Introducing the C Alto
(what a difference retuning F# to F can make)
And a new 66-Song Download for the C-Alto

C Alto kalimba
Dots indicate the "C" tines, or root notes.

In a way, this is the most underwhelming new tuning of them all. Probably 90% of kalimba owners could do this retuning themselves. (And you probably aren't going to mess it up or get it into a state that won't let you bring it back home to where it was before.) All you need to do is lower the standard Alto kalimba's F# tines to F natural, bringing the note down a half step. When you do this, F# is no longer the leading tone to G, all the notes are "natural" - no flats and no sharps. And so, voila, you have the key of C!

Most kalimbas have the "root note" in the lowest note tine and sometimes also in the highest note tine. For the C-Alto, however, the "root note" or "C" (designated by the "1" in the adjacent figure) is neither the lowest or highest note.

C Alto kalimba tuning
C-Alto Tuning.
Dots indicate the "C" tines, or root notes.

In the key of C, the G note is the 5 (to get that, count up in your mind from C = 1, to G: C-D-E-F-G = 1-2-3-4-5 = "Do Re Mi Fa So"). As the 5 is one of the strongest forces in western music, it is actually pretty handy to have it in the bass note (i.e., the low G). It is also handy to have it in the highest note on the far right. As such, this kalimba plays a bit different style of music than the standard tuned Alto, but I assure you there are thousands of songs that this kalimba can play.

A "side effect" of retuning the Alto to the key of C is that none of the songs you knew how to play on the standard G-tuned Alto will sound right. You will, of course, have to relearn them with totally new thumb patterns on your C-tuned Alto!

C Alto chords

The chords on the C-Alto are mostly the same as for the standard-tuned G Alto. However, their meanings are different. The G chord is no longer "home bass", but is now the V or dominant chord - the chord that you are least comfortable staying on for too long. The G chord pushes us home to the tonic chord, which is C. And at least for me, the hardest chord to learn to play was the F chord, which fills the role of the subdominat of IV chord.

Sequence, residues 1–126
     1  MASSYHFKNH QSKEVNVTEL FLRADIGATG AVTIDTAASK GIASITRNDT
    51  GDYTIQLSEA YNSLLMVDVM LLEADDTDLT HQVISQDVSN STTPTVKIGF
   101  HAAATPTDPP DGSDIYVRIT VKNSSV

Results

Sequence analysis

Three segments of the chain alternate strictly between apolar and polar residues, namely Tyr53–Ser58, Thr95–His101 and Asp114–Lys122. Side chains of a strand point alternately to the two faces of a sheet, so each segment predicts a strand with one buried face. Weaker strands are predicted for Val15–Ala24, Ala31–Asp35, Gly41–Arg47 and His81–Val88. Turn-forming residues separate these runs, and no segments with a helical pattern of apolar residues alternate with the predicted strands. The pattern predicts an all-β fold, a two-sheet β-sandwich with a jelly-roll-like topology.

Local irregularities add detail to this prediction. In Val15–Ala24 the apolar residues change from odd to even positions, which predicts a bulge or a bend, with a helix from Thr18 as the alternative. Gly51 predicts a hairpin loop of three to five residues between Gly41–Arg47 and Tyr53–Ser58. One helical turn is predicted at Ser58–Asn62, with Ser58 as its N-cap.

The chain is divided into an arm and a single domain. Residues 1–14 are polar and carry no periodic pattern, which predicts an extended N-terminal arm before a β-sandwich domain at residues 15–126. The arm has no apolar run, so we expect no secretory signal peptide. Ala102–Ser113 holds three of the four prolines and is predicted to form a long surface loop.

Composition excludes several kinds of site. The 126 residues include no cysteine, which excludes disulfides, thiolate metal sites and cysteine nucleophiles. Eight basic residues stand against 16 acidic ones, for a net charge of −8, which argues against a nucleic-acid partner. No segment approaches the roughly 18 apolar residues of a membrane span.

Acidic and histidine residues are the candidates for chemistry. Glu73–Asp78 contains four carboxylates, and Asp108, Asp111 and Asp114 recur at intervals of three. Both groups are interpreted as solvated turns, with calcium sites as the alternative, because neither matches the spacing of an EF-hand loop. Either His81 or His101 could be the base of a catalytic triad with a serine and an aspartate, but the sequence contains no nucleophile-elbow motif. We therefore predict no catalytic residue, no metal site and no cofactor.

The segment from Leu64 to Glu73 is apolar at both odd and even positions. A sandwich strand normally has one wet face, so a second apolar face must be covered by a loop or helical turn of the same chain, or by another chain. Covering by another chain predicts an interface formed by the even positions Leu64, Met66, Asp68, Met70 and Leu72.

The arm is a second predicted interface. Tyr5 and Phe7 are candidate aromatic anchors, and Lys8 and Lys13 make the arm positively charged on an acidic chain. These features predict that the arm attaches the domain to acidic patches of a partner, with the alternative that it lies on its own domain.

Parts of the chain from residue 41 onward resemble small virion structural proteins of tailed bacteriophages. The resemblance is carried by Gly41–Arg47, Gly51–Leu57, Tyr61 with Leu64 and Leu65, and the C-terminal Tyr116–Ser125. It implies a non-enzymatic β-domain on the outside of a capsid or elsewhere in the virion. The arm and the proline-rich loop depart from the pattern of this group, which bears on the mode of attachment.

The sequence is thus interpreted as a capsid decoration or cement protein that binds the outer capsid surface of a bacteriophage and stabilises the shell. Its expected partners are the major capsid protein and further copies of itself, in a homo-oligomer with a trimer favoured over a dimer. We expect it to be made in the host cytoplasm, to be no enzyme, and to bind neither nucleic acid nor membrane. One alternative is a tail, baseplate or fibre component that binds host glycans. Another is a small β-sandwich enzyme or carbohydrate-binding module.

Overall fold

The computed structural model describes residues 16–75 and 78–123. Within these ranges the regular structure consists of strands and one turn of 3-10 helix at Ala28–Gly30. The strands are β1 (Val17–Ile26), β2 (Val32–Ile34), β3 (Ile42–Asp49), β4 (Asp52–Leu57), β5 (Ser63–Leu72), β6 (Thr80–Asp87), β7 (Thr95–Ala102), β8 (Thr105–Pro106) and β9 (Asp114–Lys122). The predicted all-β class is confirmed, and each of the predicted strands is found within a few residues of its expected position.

Why would you want an Alto in C tuning?

Some people have been asking that their Hugh Tracey Alto kalimbas be tuned in C ever since we opened shop in 2005, and I am sure people have been tuning them to C on their own for much longer. It is one of the first alternative tunings most people would think about trying. I finally put my Alto Kalimba with Pickup into the C tuning so I could play it with Baba Marimba, my world beat dance music band that uses a diatonic baritone marimba in C for its bass lines.

Playing with Baba Marimba: C-tuned Alto comes in first, then a C-tuned Bb Treble.

My success in the studio aside, it took me quite a long time to "master" the C Alto. I had 28 years of practice on the standard G-tuned Alto to get past (I don't want to unlearn any tuning - each tuning has different music and musical possibilities, and I want them all to stay open if I can swing it).

That said, if you are trying to make the journey to C-Alto yourself, or if you have already done so and you are looking for some music written for this "exotic" kalimba tuning, look no further!

Music for the C-Alto Kalimba

The 66 Songs for the C-Alto Download is now available. It has the same song stock as the 66 Treble Songs, 66 Bb Treble Songs, and the 66 Songs for 12-Note Kalimba: a mix of Christmas, African, folk, peace, Americana, hymns, and classical.... sorry, no opera, heavy metal, or bagpipe music. You can downlod the 66 C-Alto Songs "Readme" File to see exactly what you get with this download.

Here is my new composition "The Four Chambered Heart" just for the C-Alto kalimba. By the way, all that ugly-looking paper - actually "US Priority Mail" stickers - is on my tines to selectively reduce sustain. I find the reduced sustain, especially on the low notes, produces better results when I plug into an amplifier.